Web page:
2-AG also interacts with both the CB1 and the CB2 receptor but with a lower affinity.
3. Metabolic enzymes
As mentioned earlier, endocannabinoids are removed from the system as soon as they have completed their function. To achieve this, the metabolic enzymes come into play. FAAH is responsible for breaking down anandamide while MAGL is responsible for breaking down 2-AG. This means that endocannabinoids do not accumulate in the body unlike phytocannabinoids. Endocannabinoids are released on a need basis.
Why Endo cannabidoids Are Different From Other Neurotransmitters
Endocannabinods work in a retrograde manner, which is different from how other neurotransmitters work. Brain cells send out chemical messages that are relayed from cell to the next and this controls our feelings thoughts and actions. Most neurotransmitters are released from a cell known as a presynaptic cell and they cross a synapse (gap) to get to post synaptic cells from where they trigger a definite action.
Endocannabinoids work in the opposite manner. They are released from the post synaptic cells, cross the synaptic junction and get to the presynaptic cells where they bind to endocannabinoid receptors. This is what is referred to as retrograde mechanism.
Unlike other neurotransmitters, endocannabinoids are manufactured on demand.
Acting in a retrograde fashion allows endocannabinoids to have control over the release of other neurotransmitters from the presynaptic cells. They work as a “dimmer switch” to regulate the release and functioning of other neurotransmitters.
The ECS And Homeostasis
Homeostasis is balance of the internal environment of the body, all physiological parameters being within limits. This means when the external conditions fluctuate, the internal mechanism adjusts to ensure that the internal environment remains in check. For example when the external temperatures increase the body initiates mechanisms such as sweating so that the body temperature remains moderate. The same applies to hormonal levels, hunger and other important functions in the body.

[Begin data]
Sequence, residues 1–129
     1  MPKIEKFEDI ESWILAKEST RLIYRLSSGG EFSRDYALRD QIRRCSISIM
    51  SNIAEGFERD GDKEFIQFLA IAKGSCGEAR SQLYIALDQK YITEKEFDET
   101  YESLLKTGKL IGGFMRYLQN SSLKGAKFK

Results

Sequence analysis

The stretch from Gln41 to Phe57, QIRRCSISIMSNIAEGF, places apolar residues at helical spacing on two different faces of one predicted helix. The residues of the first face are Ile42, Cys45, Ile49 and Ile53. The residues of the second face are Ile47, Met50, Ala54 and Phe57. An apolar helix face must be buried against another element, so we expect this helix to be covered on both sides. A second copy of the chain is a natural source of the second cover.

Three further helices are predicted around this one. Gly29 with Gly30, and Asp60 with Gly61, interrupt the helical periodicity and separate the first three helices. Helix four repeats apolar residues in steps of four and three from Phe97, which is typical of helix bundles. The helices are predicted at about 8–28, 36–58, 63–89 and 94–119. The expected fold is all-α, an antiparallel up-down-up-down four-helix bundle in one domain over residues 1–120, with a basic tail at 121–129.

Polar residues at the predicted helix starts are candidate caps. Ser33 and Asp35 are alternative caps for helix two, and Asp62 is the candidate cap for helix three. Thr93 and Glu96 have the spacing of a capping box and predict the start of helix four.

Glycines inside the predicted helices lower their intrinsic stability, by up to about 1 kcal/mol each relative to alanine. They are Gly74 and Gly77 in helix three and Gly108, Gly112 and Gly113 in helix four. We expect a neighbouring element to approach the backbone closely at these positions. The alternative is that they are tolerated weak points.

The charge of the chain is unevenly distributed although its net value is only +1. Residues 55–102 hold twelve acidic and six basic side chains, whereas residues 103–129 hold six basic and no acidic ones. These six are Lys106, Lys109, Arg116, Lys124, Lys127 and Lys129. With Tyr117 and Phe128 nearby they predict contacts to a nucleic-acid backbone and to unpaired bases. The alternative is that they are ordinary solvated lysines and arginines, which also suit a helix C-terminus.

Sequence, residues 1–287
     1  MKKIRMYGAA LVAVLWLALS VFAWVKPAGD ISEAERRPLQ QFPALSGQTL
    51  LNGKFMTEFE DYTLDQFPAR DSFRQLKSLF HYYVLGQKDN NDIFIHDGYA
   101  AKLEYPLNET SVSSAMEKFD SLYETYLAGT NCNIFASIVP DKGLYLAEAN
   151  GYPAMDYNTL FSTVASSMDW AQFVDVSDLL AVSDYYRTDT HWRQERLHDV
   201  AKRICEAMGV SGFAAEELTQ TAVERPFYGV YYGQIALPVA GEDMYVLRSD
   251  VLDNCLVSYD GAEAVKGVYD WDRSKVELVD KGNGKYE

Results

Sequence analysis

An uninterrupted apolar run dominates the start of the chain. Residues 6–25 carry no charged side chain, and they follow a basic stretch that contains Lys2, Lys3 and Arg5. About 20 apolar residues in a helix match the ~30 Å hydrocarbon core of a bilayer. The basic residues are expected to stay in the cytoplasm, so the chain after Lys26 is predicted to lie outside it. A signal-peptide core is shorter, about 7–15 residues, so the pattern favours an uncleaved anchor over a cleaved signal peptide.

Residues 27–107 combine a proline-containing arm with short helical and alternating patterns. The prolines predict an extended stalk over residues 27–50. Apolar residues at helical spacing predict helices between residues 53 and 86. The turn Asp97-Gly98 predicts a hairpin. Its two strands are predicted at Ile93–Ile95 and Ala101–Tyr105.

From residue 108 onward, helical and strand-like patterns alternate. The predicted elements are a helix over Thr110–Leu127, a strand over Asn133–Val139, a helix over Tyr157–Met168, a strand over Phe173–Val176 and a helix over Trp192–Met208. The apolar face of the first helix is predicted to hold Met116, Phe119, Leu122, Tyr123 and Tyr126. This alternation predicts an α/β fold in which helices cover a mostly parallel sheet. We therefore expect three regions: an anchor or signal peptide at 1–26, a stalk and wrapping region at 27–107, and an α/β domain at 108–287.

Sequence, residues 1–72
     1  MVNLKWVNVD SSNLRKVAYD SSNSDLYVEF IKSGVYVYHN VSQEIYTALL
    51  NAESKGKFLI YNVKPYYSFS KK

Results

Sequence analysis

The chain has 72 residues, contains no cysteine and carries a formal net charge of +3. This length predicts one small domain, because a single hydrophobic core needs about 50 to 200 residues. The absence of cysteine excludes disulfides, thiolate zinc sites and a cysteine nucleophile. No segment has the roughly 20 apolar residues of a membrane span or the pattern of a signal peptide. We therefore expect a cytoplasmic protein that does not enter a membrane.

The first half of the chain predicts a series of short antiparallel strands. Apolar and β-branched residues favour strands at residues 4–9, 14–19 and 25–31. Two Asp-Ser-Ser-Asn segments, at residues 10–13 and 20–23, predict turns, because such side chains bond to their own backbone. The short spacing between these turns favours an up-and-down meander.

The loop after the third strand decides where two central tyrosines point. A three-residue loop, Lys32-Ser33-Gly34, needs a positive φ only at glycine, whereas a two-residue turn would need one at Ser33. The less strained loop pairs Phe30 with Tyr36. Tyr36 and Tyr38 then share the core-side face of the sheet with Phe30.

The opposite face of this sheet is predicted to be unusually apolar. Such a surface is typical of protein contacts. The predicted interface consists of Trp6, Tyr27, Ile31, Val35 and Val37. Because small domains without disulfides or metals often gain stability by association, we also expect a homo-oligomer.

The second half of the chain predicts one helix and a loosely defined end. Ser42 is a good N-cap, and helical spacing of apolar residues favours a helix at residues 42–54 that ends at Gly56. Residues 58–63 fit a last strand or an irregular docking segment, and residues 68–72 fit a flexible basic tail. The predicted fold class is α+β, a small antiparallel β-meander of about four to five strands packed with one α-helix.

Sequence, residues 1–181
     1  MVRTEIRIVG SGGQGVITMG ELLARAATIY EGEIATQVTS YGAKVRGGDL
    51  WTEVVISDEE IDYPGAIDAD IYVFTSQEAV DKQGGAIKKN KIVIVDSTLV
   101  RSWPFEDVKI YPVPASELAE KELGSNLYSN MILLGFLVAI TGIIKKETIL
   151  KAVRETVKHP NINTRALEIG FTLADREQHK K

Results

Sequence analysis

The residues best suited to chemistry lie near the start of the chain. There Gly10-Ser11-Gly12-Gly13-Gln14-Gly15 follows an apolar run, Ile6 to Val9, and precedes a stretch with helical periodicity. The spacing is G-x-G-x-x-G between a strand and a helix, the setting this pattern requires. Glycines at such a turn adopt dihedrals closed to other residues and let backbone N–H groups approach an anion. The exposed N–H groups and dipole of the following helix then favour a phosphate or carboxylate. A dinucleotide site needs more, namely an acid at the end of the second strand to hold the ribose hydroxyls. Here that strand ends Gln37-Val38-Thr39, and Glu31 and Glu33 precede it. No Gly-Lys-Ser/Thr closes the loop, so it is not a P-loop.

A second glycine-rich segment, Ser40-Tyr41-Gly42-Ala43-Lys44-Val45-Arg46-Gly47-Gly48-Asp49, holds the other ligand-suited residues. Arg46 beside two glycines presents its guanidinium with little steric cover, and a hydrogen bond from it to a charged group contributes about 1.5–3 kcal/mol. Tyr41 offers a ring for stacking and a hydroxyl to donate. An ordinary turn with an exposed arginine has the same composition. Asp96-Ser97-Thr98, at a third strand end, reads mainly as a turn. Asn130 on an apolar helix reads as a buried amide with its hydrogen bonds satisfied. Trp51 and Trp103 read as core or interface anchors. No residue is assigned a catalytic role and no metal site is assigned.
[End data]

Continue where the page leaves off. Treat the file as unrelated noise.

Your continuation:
The ECS is responsible for maintaining homeostasis in the body. Through the endocannabonids interaction with endocannabinoid receptors, the body is able to keep all systems in check. Among the important functions that are regulated by the ECS are:
- Motor control
The ECS works in a direct, targeted and purposeful manner. For example, when your body temperature is in the extreme range the ECS kicks in to correct that without influencing other systems. Once the endocannabinoids working through the ECS have managed to restore optimal temperatures they are quickly broken down by metabolic enzymes and removed from the system. Should they be left to persist in the body, they may cause an upset in the opposite direction of what they had just restored. This is what makes this system unique.
Phytocananbinoids on the other hand work in a different way. Because they are not taken out of the body immediately they may end up causing side effects such as euphoria and paranoia among others.
It is important that the ECS functions optimally at all times, when there is a failure in the ECS the resulting state can be classified as an endocannabinoid deficiency.
Chroni Endocannabinoid Deficiency (CECD)
When the endocannabinoid system is in disarray the body is likely to develop any of the conditions under the CECD umbrella. All these conditions are interrelated and linked to a malfunctioning ECS. The common conditions in this bracket include:
- Irritable bowel syndrome
Most of these conditions have been difficult to treat in the past. Traditional treatment has often focused on managing symptoms as opposed to finding a cure. More studies on the ECS could provide a breakthrough in the treatment of these chronic conditions.
Why Does the ECS Intrigue Us
Many things about the ECS are intriguing. For starters, it is perplexing how such an important system went unnoticed by scientists for so many years. Also, learning about the potential of this system to influence both basic functions as well as complex disease processes is interesting. Lastly, it is fascinating that such a “controversial” plant such as cannabis could have so much potential to influence such a vital system as the ECS.